Remarks on Surgeon General Nominee Henry Foster
The President. Good afternoon. I'd like to begin by saying that I was quite pleased that 57 of the Members of the Senate today voted to allow a simple up or down, yes or no vote on the nomination of Dr. Foster. A strong majority, 57, voted to give him a fair chance and a full vote. But a small minority are using this nomination to dictate a litmus test to the rest of America.
That is wrong. And the American people are not going to understand it. The Senators who voted to deny Dr. Foster an up or down vote did a disservice to a good man. They also did a disservice to our whole system of democracy. And make no mistake about it, this was not a vote about the right of the President to choose a Surgeon General. This was really a vote about every American woman's right to choose.
Henry Foster is qualified to be our Surgeon General. He spent 38 years in medicine. He spent a lot of his time working to improve the health of women and children in poor and rural areas. He's delivered thousands of babies and trained hundreds of young doctors. His efforts to curb teen pregnancy have earned him high praise among Republicans and Democrats. He shares my view that abortion should be rare and safe and legal.
Don't you think it's interesting that we finally found a person in this country who's actually done something, actually done something to try to reduce teen pregnancy, actually done something to try to convince large numbers of young people that they should not have sex before they're married, who's actually done something to deal with this problem, but because he cannot pass the political litmus test that has a stranglehold on the other party, they cannot even allow a simple vote? Did the Democratic Senate deny a simple vote to their controversial nominees for the Supreme Court, a lifetime job? No.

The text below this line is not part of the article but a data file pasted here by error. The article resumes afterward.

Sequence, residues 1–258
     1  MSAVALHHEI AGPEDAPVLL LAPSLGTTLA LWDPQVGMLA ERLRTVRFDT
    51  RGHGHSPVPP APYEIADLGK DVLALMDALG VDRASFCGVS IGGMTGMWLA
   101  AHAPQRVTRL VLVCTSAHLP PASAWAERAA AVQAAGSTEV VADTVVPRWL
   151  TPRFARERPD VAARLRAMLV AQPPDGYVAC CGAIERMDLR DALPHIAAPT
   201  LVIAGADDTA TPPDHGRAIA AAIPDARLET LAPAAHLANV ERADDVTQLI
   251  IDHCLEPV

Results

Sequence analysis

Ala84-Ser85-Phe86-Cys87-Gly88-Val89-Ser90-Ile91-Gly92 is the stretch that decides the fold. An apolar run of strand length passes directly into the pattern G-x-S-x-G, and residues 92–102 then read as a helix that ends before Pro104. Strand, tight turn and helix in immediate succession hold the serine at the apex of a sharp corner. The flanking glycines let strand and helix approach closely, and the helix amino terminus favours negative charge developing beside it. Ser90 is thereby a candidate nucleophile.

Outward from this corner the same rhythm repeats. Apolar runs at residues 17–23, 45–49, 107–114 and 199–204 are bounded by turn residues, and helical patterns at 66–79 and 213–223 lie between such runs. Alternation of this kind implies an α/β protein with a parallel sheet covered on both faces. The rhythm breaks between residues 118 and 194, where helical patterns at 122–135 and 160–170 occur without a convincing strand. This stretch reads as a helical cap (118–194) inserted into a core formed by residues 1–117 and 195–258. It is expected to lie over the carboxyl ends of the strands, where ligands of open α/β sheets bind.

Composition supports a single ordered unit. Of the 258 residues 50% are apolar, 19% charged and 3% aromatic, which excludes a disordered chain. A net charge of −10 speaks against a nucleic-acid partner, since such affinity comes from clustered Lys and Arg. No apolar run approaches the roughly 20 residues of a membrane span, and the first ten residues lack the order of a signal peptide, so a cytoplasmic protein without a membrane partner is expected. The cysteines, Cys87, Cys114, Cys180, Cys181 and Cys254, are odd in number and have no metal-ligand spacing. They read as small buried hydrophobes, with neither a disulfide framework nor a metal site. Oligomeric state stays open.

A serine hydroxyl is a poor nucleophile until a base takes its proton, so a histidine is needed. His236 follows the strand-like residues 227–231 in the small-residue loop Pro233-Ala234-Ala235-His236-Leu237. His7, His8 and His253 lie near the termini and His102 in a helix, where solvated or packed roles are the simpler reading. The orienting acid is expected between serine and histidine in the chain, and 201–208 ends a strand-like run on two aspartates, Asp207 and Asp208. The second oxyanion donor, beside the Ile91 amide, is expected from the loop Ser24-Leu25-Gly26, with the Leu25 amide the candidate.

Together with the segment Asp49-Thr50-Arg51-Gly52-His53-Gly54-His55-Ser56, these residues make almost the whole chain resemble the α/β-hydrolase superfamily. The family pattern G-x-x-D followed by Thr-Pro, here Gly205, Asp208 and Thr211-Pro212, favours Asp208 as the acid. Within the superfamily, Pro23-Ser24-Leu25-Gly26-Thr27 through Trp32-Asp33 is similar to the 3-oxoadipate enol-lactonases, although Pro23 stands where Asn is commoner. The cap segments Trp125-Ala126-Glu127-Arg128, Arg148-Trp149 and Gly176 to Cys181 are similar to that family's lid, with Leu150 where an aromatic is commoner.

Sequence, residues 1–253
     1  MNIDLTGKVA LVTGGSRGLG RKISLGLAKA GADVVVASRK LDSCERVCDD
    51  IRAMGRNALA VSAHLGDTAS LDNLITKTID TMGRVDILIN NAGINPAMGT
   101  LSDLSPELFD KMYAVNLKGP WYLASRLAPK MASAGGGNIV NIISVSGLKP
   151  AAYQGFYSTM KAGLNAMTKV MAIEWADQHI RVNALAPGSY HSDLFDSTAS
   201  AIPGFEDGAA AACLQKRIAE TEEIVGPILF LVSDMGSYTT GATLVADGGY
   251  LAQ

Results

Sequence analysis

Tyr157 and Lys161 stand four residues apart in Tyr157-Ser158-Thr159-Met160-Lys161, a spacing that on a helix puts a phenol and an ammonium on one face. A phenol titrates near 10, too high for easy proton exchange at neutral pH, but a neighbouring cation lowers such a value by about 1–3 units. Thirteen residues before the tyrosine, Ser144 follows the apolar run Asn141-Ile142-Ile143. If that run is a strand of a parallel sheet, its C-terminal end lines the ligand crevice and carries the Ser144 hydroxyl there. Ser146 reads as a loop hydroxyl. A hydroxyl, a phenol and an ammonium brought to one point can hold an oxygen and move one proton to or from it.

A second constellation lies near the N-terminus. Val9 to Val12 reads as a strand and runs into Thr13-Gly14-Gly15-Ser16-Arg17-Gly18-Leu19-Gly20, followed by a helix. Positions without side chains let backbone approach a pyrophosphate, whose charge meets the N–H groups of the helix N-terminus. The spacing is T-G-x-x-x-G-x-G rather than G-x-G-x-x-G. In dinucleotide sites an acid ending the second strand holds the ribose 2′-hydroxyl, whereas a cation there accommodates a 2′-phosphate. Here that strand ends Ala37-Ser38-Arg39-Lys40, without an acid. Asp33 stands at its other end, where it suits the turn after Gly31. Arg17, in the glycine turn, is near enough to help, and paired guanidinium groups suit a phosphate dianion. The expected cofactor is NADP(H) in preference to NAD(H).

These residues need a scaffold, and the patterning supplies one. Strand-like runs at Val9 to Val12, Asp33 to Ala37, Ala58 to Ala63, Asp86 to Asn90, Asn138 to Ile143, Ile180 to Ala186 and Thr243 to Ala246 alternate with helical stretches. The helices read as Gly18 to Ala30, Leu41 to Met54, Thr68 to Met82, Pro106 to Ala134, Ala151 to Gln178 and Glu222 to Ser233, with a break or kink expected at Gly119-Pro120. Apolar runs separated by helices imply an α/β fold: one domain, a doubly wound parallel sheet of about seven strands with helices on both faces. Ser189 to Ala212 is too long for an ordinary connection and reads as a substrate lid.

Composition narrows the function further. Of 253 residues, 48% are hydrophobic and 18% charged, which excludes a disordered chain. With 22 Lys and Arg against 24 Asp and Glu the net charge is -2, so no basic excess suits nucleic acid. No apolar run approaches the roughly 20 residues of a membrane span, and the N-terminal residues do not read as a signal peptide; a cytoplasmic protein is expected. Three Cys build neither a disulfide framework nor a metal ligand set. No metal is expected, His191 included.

This man got 57 votes—43 people say no because they are in the grip of people who don't question my right to choose him but question American women's right to choose. It is wrong. What's fair is fair, and he ought to get an up or down vote. He's actually done something about the problem they all claim to be concerned about, and he ought to be given a chance to do something about it for the whole country.
[At this point, Dr. Foster made brief remarks.]
The President. Let me just say one other thing. Let me remind you that the committee approved Dr. Foster's nomination. This should be about whether the President has a right to make this decision if the person is qualified. The committee ruled that he was. The only other question worth asking and answering right now is, are we going to try for another vote? Yes, we are. Do I know what the outcome will be? No, I don't. But I'm not through yet, and we're going to do our best to win it.
Thank you very much.
NOTE: The President spoke at 1:36 p.m. in the Rose Garden at the White House.
William J. Clinton, Remarks on Surgeon General Nominee Henry Foster Online by Gerhard Peters and John T. Woolley, The American Presidency Project https://www.presidency.ucsb.edu/node/221285